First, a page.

Tag Archives: history

Review: Callista by John Henry Newman

8 Apr

4635826This is one of the books that I would re-read any time of the year. Set in Proconsular Africa, it tells the story of third century Christians. It revolves around three characters: Callista, a Greek decorator of sculptures, Agellius, a farmer and a Christian and Caecilius, the persecuted bishop of Carthage. It tells of the clash between paganism and Christianity.

Callista, unsatisfied with an empty life and with the pagan culture surrounding her, seeks for the truth. She is attracted by the beauty of Christianity, but considers it too good to be real. Agellius tries to woo her, but Callista sees his real motive: he takes advantage of her curiosity of his religion to gain her for himself rather than for his God. Juba, Agellius’ brother is scornful of his Christianity and together with his uncle, tries to make Agellius “come back to his senses”.

A chain of events then follows: the plague of locusts that leave the city of Sicca devastated, the possession of Juba, the arrest of Callista on the charge of Christianity and the implementation of the edict of the Emperor Decius regarding the Christians: christianos ad leones (Christians to the lions). Will Callista be set free or will she be killed, even though she is not a Christian? Will she convert before it is too late, and if so, who will help her? All this drama waits for the reader.

The review in Goodreads says: Far from being tied to the past, Newman’s novel challenges the assumptions of the modern reader in unexpected ways. More perhaps than his major works, Newman’s fiction reveals the contours of his imaginative life, the range and power of his prose writing, and the wider literary culture which he so often subordinated to his higher vocation or the demands of controversy. Callista’s picture of the Christian venture of faith, so close to Newman’s own, and the setting in his beloved church of the Fathers in Roman North Africa, make it one of his most characteristic works. Callista is an important text for understanding Newman’s lifelong vocation as a Christian apologist, and the importance for him of the early Church.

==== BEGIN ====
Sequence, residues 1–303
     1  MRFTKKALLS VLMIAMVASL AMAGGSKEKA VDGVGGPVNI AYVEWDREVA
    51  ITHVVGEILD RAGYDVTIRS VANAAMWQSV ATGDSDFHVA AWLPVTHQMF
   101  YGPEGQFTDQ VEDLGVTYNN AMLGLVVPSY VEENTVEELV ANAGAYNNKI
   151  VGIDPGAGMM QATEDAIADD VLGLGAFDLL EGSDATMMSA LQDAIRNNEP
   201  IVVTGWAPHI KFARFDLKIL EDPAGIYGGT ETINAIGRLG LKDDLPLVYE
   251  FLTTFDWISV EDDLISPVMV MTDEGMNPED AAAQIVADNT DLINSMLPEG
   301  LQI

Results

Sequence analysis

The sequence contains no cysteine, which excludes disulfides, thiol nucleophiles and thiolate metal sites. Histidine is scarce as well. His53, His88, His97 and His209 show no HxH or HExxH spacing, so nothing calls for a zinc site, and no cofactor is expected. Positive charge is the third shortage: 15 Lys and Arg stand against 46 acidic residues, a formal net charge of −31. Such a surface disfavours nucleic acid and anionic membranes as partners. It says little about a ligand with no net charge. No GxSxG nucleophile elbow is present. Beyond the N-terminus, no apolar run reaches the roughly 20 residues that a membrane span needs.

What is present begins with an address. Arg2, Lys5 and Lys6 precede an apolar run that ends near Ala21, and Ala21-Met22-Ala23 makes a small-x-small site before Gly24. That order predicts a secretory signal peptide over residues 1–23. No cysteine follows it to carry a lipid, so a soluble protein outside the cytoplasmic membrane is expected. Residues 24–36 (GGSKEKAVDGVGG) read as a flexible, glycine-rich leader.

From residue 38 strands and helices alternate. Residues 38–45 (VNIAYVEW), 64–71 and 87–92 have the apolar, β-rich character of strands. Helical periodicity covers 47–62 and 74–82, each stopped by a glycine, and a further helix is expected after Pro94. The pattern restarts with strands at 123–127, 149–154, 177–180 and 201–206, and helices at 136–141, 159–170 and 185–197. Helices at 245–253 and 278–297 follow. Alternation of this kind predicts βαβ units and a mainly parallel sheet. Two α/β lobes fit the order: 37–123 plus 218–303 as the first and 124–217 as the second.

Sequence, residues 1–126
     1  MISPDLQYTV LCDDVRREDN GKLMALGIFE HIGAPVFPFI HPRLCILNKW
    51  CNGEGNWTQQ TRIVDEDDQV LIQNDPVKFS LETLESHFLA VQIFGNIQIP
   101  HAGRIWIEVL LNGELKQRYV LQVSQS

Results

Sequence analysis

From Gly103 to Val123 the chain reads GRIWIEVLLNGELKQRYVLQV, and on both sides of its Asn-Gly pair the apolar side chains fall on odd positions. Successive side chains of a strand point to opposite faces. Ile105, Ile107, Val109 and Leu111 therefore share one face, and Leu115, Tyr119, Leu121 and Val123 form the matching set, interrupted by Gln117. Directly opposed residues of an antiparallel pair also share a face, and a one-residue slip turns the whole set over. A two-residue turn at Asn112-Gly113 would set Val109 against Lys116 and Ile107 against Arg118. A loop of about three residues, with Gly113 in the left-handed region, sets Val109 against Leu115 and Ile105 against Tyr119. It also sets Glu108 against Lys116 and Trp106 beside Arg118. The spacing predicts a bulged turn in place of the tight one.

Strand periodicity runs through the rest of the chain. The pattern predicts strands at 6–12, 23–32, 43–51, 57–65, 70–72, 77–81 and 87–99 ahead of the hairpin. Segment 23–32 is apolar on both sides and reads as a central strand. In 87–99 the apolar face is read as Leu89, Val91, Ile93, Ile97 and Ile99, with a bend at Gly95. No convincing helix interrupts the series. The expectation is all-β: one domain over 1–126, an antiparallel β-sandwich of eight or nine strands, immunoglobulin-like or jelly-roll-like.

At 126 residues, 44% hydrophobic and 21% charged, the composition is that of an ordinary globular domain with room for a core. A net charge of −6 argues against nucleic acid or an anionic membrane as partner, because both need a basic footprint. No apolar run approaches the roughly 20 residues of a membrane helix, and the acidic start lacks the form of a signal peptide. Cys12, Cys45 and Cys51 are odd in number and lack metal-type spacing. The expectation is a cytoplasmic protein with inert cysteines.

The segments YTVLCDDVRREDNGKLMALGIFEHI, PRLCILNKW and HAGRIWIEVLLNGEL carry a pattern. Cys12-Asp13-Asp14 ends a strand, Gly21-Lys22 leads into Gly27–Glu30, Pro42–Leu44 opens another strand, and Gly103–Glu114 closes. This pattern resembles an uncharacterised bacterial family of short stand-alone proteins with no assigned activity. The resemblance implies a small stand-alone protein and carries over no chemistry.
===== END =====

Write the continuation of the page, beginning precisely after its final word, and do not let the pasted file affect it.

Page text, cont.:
Head over heels…

6 Mar

I am head over heels…

In love.

With a count.


Let me tell the story from the beginning:

This is the context: France in the 19th century, after the fall of Napoleon. The aristocracy still exists.

My count is one of them though he has bought his title in Tuscany after purchasing that famous isle in the mare nostrum: the isle of Monte Cristo. He is a friend of smugglers, pirates and the Italian banditti. No one really knows where he comes from, though they guess –wrongly- from his accent that he is a native ofMalta.

He not only courts the society of the low people, he is also to be found among the leading families in Parisof the time. He does favours to them. Almost everyone is indebted to him for one thing or another. He is the gentilhomme. His manners are spectacular. The ladies are flattered, though of course he does not flatter them.

Then there is the issue of his wealth. Nothing is too expensive. He gives tips to the stewards and the valets and all others in the form of golden crowns. He is in Rome today,Naples tomorrow,Alexandria at the end of the week, and keeps on. He has a multitude of servants at his beck and call. No one has ever heard of the family with the name he bears. He leaves everyone guessing… and enchanted.

What is he up to? He sure has a mission. The smugglers and the pirates know him as a wealthy English man who travels for pleasure. They have seen his Genoese yatch, and acknowledge its superiority in navigation. The aristocracy is somewhat cynical, though they own that he is a man who seems to come from the other world. Some are enchanted, like Albert Morcèrf, others are more prudent, like his mother and Franz D’Espiny. I don’t know of which band I am. Yet.


I am reading The Count of Monte Cristo. The drama hastens with each chapter and the intentions are laid bare at the turn of every page. The heart beats a little faster, at the sight of so many diamonds and bank notes. The vendetta is about to be accomplished. The plans are perfect. But there is something that prevents me from cheering all this drama. Something deep inside . It’s far too deep to tell. Maybe when I finish reading I will know.

Shhh!!! I don’t want to know how it all ends!

(To see what I thought after reading the book, click here.